Taking opioids appears to heighten an older person’s risk of developing pneumonia, data indicate.
Sascha Dublin, MD, PhD, and colleagues conducted a case-control study involving 3,061 adults aged 65 to 94 years. A total of 144 (13.9%) of the 1,039 people with pneumonia and 161 (8%) of the 2,022 matched controls were users of prescription opioids.
Patients taking long-acting opioids, such as sustained-release morphine, were more than three times more likely to contract pneumonia than were those not taking these painkillers, the researchers reported in the Journal of the American Geriatrics Society. Furthermore, opioid users were more than three times as likely as nonusers to get pneumonia during their first 14 days of opioid use. Pneumonia was nearly 1.9 times more likely to occur in those using immunosuppressive opioids compared with those not taking opioids.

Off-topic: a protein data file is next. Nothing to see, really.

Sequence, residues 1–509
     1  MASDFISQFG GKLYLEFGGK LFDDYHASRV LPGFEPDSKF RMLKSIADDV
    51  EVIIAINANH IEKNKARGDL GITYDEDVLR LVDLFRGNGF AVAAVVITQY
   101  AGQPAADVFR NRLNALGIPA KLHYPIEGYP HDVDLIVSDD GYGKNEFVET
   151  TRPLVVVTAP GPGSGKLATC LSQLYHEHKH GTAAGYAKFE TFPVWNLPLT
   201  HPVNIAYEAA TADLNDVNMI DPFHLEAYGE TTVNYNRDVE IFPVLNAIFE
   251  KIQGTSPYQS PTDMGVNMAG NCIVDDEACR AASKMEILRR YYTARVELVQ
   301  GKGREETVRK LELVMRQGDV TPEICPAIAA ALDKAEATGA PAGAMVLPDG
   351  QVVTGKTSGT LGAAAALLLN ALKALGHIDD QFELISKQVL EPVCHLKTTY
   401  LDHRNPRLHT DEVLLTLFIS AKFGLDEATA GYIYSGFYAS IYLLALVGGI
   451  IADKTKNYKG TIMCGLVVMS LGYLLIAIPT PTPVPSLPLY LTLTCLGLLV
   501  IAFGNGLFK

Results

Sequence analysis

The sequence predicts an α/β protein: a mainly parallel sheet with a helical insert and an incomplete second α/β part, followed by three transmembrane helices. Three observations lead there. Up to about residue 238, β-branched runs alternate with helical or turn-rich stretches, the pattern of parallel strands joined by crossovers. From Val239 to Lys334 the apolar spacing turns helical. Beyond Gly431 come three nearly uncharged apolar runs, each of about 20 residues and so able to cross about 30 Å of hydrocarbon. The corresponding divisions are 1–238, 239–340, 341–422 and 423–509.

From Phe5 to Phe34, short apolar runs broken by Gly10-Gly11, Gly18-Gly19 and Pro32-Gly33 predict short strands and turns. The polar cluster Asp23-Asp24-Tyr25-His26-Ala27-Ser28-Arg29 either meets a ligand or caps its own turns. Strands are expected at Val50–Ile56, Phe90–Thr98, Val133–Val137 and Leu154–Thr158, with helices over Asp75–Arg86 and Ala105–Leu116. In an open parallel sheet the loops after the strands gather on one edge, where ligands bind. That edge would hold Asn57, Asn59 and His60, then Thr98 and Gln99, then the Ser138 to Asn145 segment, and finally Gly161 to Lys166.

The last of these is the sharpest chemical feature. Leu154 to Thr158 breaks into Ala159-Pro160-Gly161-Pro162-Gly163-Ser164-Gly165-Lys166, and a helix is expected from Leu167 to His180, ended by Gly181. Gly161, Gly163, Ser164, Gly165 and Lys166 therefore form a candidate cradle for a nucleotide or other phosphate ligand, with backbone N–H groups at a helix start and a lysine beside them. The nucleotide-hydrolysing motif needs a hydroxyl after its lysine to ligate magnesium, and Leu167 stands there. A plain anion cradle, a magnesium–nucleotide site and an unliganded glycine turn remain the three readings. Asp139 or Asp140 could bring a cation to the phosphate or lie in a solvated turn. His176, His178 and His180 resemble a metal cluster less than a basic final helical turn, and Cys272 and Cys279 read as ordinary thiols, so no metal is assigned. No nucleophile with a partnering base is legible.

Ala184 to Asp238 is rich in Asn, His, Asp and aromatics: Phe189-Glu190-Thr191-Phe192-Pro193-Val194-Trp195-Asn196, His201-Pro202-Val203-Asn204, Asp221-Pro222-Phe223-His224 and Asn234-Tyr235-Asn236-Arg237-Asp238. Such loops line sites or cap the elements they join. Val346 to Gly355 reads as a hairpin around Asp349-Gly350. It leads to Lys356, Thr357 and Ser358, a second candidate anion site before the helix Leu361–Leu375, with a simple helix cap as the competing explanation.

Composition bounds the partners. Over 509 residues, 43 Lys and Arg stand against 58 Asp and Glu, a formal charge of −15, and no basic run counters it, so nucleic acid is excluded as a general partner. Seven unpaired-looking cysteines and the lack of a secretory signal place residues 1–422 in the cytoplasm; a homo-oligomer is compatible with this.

Benzodiazepines, like opioids, are sedatives and can slow respiratory rate and increase the risk of aspiration, but these agents were not found to increase pneumonia risk.